Later, when the customer acquires usage of additional sub-components, the newly acquired sub-components are marked available by the firmware in non-volatile store 720. In this example, sub-component 702 is marked available in non-volatile store 720 and may be brought on line by the configuration agent.

One exemplary usage of CuOD use case is to acquire new processor core for a system. For example, part 700 only includes two processor cores, processor cores 704 and 706. By acquiring new processor core 702, the throughput of the overall system is dynamically increased. There is no longer a need for the firmware to have knowledge of what sub-component is allowed and not allowed, because all the information of what sub-component is acquired and not acquired is stored in non-volatile store 720. In addition, with the ability to read/write information directly to non-volatile store 720, the need for multitude of part numbers to reflect different system configurations is also eliminated.

In addition to CuOD, another use case that the aspects of the present invention help in simplifying operations is processor run-time de-configuration, which is also known as GARD. Similar to the CuOD use case, a large amount of software is currently in place in the firmware to support de-configuration of broken hardware components that are defective in the field. The firmware currently stores all de-configuration information within a non-volatile RAM area of the service processor, also referred to as NVRAM. The ability to store partial-good information in a non-volatile store may be extended to additionally store field de-configuration information. A generic de-configuration firmware may be used to handle defective sub-components in a similar manner.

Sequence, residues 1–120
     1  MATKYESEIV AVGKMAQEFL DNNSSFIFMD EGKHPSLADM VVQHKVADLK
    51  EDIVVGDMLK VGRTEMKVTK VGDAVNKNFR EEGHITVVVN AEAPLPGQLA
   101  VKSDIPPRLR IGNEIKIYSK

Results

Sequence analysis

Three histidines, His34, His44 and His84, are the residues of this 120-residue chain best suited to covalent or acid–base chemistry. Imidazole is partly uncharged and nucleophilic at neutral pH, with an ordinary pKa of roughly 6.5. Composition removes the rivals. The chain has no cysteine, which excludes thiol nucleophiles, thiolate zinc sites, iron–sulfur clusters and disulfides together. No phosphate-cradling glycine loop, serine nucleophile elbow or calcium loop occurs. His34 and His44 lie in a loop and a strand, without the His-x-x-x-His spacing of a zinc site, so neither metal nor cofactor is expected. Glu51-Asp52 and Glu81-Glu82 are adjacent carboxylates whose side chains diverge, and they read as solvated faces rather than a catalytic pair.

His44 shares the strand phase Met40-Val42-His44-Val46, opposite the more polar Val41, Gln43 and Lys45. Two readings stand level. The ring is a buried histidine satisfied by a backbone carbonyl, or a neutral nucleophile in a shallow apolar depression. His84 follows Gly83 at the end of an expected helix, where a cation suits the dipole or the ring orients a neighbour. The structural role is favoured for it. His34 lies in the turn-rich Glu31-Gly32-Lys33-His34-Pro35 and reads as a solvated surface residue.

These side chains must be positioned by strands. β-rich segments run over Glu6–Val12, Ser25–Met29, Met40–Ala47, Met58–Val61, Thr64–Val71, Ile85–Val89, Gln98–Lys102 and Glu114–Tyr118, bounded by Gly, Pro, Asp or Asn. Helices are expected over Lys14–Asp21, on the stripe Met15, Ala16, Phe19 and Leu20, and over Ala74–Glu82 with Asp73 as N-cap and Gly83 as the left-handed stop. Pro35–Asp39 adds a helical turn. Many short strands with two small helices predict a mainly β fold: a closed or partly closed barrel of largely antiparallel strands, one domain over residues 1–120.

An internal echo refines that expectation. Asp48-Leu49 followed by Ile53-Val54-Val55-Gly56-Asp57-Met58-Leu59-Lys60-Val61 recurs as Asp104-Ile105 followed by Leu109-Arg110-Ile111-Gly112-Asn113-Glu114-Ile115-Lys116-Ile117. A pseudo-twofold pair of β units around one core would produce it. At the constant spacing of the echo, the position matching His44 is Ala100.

Turning now to FIG. 8, a diagram illustrating a processor run-time de-configuration (GARD) use case enabled by the aspects of the present invention is depicted in accordance with an illustrative embodiment of the present invention. As shown in FIG. 8, part 800 consists of sub-components 802-818.

Either during hardware initialization or at run-time, a sub-component is detected as defective. For example, processor core 810 is detected as defective. In turn, processor core 810 is de-configured by the firmware and is marked non-available in non-volatile store 820, where the de-configuration information is stored.

In the next hardware initialization of the system, the firmware may read the de-configuration information from non-volatile store 820 prior to configuring sub-components 802-818 of part 800. In this way, no redetection of defective sub-components is necessary, since all the information of defective sub-components is known ahead of time. Thus, by storing de-configuration information in the non-volatile store, dependencies on NVRAM and the amount of firmware support that is needed from the GARD component are reduced.